You said on day one that you're excited about this camp because of your position and you've been around enough to have a little bit of perspective. I know it's early, but can you characterize how you feel about things after roughly this first week now?

"Like I said, I think it's good to go in and not be wondering, 'Okay, what reps am I going to get today? Who am I going to be, what center am I going to be with? What guys am I throwing too?' To go out and know what the plan is and just focus on football, it makes it a lot easier. There's no doubt about it. So, to take ownership over something, not have to worry about stepping on somebody else's toes, worry about anything like that. To take ownership, to be the guy in the huddle and command the offense, I think there is something to be said about that."

WR Pierre Garçon, I realize he's not getting hit in these practices. But, he apparently lives over the middle on those routes, which a lot of wide receivers probably don't want to specialize in that. Is that unique in that to his toughness, his ability, to slide over the middle?

"I think that's part of Pierre's game and he knows it too. That's why he's a tough, big, physical receiver. The good thing about Pierre is he does come through there hard. We've hit a few in-cuts these past few days. One of them two days ago that he's come roaring through there in the middle and he catches and he takes off for a 60-yards touchdown because of the speed that he comes in there with and I think that's part of his game. That's why I think I'm excited about it because when you get with Kyle, Kyle has a vision. There's a vision for each player and to have a player that is, he had a vision for Pierre to be in this offense for that reason because we do have routes that come across the middle and we know that a guy like Pierre is going to come through there and not have any fear, catch the ball, break a tackle and go to the house. He's been that way since he got in the league. He's a fearless receiver and as a quarterback, you love that because you know that you can give the ball to him in the middle. He's going to catch it, protect it and take a hit and sometimes even break it and go for the distance."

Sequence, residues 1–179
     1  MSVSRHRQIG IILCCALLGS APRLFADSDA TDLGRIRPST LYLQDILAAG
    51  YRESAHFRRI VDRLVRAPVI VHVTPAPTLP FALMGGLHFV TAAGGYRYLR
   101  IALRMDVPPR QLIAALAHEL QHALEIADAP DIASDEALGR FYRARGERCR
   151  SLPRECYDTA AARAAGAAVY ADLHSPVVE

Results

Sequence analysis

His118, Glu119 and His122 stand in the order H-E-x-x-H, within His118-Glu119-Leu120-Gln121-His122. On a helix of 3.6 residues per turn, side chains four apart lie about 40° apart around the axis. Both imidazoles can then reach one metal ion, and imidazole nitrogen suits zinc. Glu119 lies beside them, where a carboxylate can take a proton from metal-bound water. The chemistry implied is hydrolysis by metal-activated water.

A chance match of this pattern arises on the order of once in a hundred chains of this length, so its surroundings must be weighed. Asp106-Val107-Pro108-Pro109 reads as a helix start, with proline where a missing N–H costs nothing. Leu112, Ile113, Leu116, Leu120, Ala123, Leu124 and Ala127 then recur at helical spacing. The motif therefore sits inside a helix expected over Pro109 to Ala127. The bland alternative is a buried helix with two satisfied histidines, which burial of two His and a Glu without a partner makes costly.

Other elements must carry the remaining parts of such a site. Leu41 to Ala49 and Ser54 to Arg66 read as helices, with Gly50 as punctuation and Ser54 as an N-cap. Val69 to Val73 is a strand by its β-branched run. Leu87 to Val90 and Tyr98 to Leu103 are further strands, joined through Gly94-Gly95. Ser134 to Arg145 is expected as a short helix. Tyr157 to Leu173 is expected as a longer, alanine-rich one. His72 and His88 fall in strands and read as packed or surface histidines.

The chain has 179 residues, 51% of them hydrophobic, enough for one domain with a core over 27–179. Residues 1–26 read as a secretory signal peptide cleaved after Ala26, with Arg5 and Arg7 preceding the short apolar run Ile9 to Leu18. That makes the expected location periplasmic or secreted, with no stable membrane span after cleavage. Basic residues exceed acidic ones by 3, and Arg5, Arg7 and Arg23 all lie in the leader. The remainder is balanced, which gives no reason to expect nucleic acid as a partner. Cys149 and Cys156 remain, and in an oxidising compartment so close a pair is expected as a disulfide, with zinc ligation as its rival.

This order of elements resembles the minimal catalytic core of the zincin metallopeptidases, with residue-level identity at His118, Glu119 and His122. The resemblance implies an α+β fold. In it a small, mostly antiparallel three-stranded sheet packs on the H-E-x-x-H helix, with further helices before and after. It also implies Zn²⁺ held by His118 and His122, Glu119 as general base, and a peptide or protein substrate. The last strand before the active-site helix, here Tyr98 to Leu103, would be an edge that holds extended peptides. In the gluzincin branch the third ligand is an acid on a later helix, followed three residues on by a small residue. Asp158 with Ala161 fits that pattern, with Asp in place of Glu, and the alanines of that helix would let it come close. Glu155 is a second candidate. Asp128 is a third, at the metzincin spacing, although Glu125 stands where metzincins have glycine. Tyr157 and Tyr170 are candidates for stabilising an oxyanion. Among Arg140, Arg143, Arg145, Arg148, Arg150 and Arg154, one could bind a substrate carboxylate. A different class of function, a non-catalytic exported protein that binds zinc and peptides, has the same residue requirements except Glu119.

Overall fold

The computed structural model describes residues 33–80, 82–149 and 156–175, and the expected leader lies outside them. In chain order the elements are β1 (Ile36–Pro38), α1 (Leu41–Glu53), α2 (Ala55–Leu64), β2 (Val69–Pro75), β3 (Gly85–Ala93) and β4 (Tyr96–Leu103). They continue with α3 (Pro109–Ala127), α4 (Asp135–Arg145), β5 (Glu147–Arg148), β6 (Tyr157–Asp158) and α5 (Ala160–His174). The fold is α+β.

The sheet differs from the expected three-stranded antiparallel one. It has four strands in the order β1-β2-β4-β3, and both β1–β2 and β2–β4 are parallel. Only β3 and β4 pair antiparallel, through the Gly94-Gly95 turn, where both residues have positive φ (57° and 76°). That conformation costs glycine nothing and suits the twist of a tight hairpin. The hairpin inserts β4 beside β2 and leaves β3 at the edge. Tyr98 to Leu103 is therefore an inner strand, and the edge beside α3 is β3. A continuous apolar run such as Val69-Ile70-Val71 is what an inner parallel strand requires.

QB Matt Barkley was telling us yesterday that Kyle does not use wristbands. Is that, how much more of a challenge is that or is that something you welcome?

"It was a challenge my first year. I remember [former Cleveland Browns QB] Johnny's [Manziel] first game, he got a wristband. I said, 'I've been playing 13 games, where was mine?' No, but I think the way, being around Kyle, he's a unique play caller and for him to put plays on a wristband, it would limit him and now I understand that. Now having a better understanding of the offense, I don't need it. My first year, I would have loved it because it would have been a lot easier to get those play calls out. But, now with a better understanding and a full offseason under my belt with a ton of reps going into training camp, hearing the play calls come in, I'm already starting to visualize what he wants and unless there's one of those 18-worders in there, it's been pretty good."

You would go into each week with the whole playbook is at your disposal, is that right?

"I think you're going to, Kyle's greatest strength is game planning what's going to attack the defense best. So, we have a lot in this offense and then you know what attacks the defense best and you kind of narrow it down for that week. For us, I always get nervous when we get these move the ball periods that are unscripted because you never know what might come out because right now the whole offense is available so you've got to be on your toes. I can just tell my second time around being with him, knowing when a play comes out from the headset into my ears, I'm ready to call the play knowing what he's looking for."

For a rookie like QB C.J. Beathard -- better question for him obviously -- is his head swimming, because even for you--?

"Yeah, I mean, you'd probably have to ask him. But, he's one of the few quarterbacks who actually called plays from a huddle last year. So, he's used to having to call a play. Now, there were arm signals from the sideline or whatever. But, that's one thing that I think, you can see C.J. is used to getting a play call, calling it in the huddle. As opposed to a guy who looks over to the sideline, never has to say anything to the offense and then goes and runs the play. I think if you were to come from a system like that and do this, you'd be swimming no matter what you did. To have to hear a play, repeat it, break the huddle and then remember all that. I could see it being tough."

* Transcript provided by the San Francisco 49ers